We start every day knowing we’re not going to get it all done or fit it all in. How we spend our time is really a function of priorities. That’s why Peter Bregman argues in 18 Minutes: Find Your Focus, Master Distraction, and Get the Right Things Done that we need to plan ahead, “create a to-do list and an ignore list, and use our calendars.”
“The hardest attention to focus,” he writes, “is our own.”
The Ritual of Managing Our Day
We need ritual to manage our days, “clear enough to keep us focused on our priorities. Efficient enough not to get in the way.”
Bregman argues that ritual should take 18 minutes a day: Your Morning Minutes, Refocus, and Your Evening Minutes.
Step 1 (5 Minutes) : Your Morning Minutes
Echoing Tim Ferriss Bregman recommends planning ahead. Ferriss prefers the night before, Bregman prefers the morning.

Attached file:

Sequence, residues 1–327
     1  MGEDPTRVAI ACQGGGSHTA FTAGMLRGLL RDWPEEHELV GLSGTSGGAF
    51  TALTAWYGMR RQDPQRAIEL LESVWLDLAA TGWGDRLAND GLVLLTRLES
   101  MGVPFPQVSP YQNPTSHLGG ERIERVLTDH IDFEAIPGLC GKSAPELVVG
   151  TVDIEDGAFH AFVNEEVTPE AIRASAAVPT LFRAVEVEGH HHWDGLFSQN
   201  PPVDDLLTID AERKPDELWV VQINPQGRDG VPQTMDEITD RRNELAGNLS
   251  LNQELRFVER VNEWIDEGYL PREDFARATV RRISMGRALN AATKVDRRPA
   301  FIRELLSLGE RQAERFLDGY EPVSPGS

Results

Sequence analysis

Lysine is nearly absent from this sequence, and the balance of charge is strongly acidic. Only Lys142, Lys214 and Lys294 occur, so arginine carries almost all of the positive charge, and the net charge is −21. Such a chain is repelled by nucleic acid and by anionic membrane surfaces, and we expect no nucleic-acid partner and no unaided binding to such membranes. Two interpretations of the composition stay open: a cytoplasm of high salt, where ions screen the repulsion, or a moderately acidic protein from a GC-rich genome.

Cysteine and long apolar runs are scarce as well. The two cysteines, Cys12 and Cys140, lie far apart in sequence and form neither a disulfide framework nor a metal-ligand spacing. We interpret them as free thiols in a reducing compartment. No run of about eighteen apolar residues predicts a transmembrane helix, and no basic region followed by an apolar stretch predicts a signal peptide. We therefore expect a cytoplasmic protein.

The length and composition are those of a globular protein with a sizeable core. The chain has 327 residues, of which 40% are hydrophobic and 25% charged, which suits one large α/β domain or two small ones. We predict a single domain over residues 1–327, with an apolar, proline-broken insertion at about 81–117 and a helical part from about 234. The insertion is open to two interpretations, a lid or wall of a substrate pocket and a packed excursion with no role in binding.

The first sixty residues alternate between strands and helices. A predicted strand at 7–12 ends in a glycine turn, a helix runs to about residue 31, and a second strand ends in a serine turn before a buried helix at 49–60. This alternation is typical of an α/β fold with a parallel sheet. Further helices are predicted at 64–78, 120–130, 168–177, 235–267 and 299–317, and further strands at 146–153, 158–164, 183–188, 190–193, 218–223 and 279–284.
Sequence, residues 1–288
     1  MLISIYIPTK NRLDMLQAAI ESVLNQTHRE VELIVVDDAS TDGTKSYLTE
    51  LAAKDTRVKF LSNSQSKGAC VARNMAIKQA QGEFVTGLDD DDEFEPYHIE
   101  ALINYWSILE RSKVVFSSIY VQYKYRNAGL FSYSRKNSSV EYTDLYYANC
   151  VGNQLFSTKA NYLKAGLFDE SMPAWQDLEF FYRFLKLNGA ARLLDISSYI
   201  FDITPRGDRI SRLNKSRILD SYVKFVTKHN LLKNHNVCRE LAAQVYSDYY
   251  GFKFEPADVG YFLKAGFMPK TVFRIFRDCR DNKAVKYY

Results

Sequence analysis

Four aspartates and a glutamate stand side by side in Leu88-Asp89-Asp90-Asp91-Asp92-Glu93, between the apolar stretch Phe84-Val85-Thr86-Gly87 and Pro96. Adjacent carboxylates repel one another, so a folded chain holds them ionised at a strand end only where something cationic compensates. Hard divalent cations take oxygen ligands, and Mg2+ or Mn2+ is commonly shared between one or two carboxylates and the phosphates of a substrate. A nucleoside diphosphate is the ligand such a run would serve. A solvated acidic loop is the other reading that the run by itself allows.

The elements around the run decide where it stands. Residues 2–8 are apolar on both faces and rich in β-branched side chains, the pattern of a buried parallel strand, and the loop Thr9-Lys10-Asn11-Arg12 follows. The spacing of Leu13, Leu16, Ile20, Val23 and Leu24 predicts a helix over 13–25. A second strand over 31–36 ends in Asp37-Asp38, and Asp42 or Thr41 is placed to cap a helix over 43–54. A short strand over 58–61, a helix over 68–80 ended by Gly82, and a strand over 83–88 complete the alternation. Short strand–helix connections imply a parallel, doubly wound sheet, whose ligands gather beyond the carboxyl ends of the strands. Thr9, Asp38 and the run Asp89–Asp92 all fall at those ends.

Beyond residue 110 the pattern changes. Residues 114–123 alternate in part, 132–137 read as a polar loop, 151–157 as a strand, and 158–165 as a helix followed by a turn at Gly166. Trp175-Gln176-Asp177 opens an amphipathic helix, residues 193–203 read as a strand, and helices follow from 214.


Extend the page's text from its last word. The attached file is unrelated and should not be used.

Before you turn on your computer, sit down with your to-do list and “decide what will make this day highly successful.”
Take the items off your to-do list (a picture of Bregman’s to-do list is below) and schedule them into your day.
“Make sure,” he writes, “that anything that’s been on your list for three days gets a slot somewhere in your calendar or move it off the list.”
Step 2 (1 Minute Every Hour): Refocus
Some interruptions help us course correct.
Step 3 (5 Minutes): Your Evening Minutes
“At the end of your day,” Bregman writes, “shut off your computer and review how the day went.”
Ask yourself three sets of questions:
- How did the day go? What success did I experience? What challenges did I endure?
- What did I learn today? About myself? About others? What do I plan to do—differently or the same— tomorrow?
- Whom did I interact with? Anyone I need to update? Thank? Ask a question of? Share feedback with?
The key to this is the ritual and its predictability.
Bregman speaks worldwide on how we can lead, work, and live more powerfully. 18 Minutes: Find Your Focus, Master Distraction, and Get the Right Things Done is an easy to read book that will add a few tools to your toolbox.
This piece originally appeared on Farnam Street.
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